From Tuesday’s Life section of The Oklahoman.
Puppet master a man of characters
Ventriloquist Jeff Dunham, who recently released his memoir “All By My Selves,” will perform in the Oklahoma City Arena on Thursday with his “suitcase posse.”
“I was never one of the cool kids. On the other hand, I don’t think I was one of the particularly weird ones either. I was just more interested in doing things that the others weren’t,” Jeff Dunham writes in the opening lines of his new memoir, “All By My Selves: Walter, Peanut, Achmed, and Me.”
The Texas native has turned his unusual childhood hobby — ventriloquism — into a veritable comedic empire. Forbes recently named him the top-earning comedian of 2010, a title he earned over the likes of Dane Cook and Chelsea Handler. The DVDs of his Comedy Central specials have sold 6 million copies; his YouTube clips have been viewed half a billion times; and he has played sold-out venues across North America, Europe, South Africa and Australia.
He may be a one-man comedy force, but Dunham isn’t exactly doing it alone. When he brings his new “Identity Crisis” show to Oklahoma City Arena Thursday night, this puppet master will be joined by a suitcase full of alter egos: A grumpy old man named Walter, a hyperactive purple critter dubbed Peanut, a skeletal, sardonic dead terrorist called Achmed and a new character, Diane.
They may be dummies, but the ventriloquist’s popular puppet pals give him a distinct comedic edge.
“There’s some sort of unwritten license that allows an inanimate object that becomes animate to get away with stuff that a mere mortal never could,” Dunham said in an e-mail from the road, where he was saving his voice for his shows.
It seems his colorful characters — beer-swilling redneck Bubba J and hilariously somber Jose Jalapeno on a Stick round out the cast — never fail to have their say. The title of his autobiography proves true: Along with his own thoughts on his life and career, the book includes running commentary from his “suitcase posse.”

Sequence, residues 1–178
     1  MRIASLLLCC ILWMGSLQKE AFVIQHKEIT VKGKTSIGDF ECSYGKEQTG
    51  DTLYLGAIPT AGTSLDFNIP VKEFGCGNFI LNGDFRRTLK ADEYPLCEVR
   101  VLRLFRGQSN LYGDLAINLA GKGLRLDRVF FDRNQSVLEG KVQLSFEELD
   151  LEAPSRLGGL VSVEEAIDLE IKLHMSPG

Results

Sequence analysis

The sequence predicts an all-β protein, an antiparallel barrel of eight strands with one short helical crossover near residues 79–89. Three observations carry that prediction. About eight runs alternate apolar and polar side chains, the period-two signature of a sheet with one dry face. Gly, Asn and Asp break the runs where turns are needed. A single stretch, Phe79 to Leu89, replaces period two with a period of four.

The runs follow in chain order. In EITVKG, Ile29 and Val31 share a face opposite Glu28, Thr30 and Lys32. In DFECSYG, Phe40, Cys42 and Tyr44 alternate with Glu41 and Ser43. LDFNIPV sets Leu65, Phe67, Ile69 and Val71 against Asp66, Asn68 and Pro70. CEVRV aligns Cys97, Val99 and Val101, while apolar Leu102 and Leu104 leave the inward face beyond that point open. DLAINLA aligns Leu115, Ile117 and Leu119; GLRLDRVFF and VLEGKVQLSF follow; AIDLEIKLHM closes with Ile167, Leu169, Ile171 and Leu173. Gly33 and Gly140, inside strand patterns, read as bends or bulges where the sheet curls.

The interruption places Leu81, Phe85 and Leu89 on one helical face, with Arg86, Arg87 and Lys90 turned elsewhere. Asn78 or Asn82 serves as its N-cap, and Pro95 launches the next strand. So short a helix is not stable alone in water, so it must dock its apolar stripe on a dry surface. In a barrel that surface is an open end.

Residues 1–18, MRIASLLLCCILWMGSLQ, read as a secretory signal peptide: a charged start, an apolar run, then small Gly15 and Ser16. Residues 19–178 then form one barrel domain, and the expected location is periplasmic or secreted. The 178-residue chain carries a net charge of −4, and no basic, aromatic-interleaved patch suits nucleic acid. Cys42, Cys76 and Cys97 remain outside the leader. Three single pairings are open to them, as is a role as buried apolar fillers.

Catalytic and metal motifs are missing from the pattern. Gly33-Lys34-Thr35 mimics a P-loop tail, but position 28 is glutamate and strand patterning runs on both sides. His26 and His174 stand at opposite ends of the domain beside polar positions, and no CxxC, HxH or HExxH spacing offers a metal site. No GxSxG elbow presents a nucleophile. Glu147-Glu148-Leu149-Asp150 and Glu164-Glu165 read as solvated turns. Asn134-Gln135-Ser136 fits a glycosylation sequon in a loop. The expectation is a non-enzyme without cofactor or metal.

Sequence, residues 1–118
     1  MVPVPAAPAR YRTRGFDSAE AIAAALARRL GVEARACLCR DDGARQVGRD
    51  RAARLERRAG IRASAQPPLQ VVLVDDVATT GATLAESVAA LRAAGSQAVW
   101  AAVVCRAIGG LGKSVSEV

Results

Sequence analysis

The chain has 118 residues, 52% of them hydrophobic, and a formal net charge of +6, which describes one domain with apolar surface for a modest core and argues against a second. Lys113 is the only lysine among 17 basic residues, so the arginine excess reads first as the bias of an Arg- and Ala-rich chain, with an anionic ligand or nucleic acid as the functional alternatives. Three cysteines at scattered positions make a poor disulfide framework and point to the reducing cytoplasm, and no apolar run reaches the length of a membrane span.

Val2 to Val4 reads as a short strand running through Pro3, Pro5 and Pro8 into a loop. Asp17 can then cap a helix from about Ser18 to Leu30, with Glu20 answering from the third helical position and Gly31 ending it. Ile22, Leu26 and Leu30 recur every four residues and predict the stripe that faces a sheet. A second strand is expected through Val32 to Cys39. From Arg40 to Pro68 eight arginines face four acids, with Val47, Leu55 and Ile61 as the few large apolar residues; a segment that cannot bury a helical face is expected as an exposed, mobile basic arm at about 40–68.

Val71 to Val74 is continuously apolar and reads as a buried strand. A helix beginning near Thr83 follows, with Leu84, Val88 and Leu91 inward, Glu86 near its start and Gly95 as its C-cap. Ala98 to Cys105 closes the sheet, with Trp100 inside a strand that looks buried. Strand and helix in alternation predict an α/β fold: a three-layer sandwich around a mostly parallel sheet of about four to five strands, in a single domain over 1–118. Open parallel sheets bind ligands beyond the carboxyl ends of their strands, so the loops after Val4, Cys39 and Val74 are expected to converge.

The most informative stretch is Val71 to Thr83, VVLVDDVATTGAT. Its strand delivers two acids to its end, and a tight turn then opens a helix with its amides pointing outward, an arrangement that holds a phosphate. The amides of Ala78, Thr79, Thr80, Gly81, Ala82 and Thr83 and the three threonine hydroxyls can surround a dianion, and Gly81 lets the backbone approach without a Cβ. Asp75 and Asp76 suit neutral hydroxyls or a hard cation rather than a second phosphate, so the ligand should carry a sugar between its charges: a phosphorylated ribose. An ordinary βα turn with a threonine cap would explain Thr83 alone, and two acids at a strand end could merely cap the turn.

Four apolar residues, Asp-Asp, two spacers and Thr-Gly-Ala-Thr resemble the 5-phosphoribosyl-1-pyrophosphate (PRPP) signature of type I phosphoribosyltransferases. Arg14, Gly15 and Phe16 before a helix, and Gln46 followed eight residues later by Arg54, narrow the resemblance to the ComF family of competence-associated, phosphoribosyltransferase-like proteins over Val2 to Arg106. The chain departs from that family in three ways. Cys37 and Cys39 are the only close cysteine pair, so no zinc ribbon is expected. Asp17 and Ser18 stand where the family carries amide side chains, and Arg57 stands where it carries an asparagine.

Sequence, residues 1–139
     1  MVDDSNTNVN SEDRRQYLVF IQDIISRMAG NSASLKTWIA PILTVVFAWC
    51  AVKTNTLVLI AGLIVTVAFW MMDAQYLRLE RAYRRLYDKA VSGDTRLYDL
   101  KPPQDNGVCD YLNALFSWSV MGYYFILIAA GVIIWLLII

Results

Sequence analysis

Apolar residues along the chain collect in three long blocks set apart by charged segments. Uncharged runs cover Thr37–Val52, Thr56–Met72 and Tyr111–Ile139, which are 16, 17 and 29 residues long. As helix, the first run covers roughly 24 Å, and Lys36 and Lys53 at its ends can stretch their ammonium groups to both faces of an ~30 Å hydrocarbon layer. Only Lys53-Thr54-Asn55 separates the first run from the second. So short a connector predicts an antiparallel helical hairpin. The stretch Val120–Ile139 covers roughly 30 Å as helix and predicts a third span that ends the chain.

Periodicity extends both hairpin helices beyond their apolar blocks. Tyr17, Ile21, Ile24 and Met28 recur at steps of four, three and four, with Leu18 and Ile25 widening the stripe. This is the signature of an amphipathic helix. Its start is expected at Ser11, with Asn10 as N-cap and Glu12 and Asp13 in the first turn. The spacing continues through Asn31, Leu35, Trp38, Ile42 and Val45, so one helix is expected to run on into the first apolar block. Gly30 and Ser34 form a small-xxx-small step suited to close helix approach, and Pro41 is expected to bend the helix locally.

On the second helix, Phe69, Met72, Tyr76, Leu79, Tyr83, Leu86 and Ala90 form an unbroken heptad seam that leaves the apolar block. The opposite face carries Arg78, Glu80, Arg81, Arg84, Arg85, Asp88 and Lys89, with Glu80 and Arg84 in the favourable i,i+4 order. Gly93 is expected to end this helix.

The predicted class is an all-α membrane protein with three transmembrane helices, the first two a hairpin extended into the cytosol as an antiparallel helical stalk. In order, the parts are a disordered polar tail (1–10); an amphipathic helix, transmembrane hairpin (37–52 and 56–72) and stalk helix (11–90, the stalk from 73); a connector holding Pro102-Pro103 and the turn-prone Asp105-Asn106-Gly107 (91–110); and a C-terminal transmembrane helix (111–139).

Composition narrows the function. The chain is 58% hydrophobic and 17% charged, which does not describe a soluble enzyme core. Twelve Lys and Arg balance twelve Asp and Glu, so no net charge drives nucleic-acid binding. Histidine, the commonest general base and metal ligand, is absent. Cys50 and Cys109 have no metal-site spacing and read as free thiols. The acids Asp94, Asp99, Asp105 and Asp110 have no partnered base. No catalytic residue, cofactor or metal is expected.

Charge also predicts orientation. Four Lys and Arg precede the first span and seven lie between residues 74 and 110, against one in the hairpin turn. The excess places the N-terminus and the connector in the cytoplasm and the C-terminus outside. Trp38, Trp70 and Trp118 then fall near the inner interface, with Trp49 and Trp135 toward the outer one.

“It’s a team effort. They have always been able to tell their side of the story. They do it at every show,” he said.
Dunham, 48, was born and raised in Dallas, but his mom grew up in Ponca City. (As a young man, he lived in Broken Arrow one summer because of “a chick.”) He first became interested in ventriloquism at age 8, when he spotted a dummy at a toy store. The book, released last week, chronicles Dunham’s humble start as a youngster playing birthday parties for $5 a pop through his many years on the comedy club circuit to his current status as a blockbuster comedic draw.
“For years I’ve been asked how I became interested in ventriloquism and how I got started in the business,” he said. “The interest is greater than it’s ever been, and the time seems right.”
The father of three also made his movie debut this summer in the Steve Carell-Paul Rudd comedy “Dinner for Schmucks,” playing, naturally, a ventriloquist. For the film, he designed his first woman character, Diane, to be the onscreen wife for his creepy “schmuck.” Dunham also has integrated Diane into his new live show.
“She is completely different from any other character I’ve ever had,” Dunham said. “She’s a beautiful lady — thanks to all her plastic surgeons and implants — who loves being married, which is why she did it five times.
“She’s a divorced woman with an insatiable appetite for men, booze and men. Women love her because she just blurts out the many hilarious truths about relationships from the female point of view. And yet, despite all her complaints about the men in her life, she continues to hold out hope that one day she will find her soul-mate — a dying rich guy.”
Although his recent projects have included the movie, book and a short-lived Comedy Central TV series, the ventriloquist said touring will remain an integral part of his career.
“The touring is the lifeblood of everything that I do. I mean, the touring is what has created the characters, it’s what’s created the material, it’s what’s created the audience and then the grassroots following that we have. Obviously, things wouldn’t be where they are now without Comedy Central and without YouTube, but I wouldn’t be on YouTube and Comedy Central had it not been for the touring,” he said in a 2009 phone interview with The Oklahoman.
“I’ve said this over and over again for years about my live show … one of the things I’m most proud of is that it has no socially redeeming value whatsoever, and I think there’s something refreshing about that,” he added with a laugh.
When: 7:30 p.m. Thursday.
Where: Oklahoma City Arena (formerly Ford Center), 100 W Reno.
Information: (800) 745-3000 or www.theokcarena.com.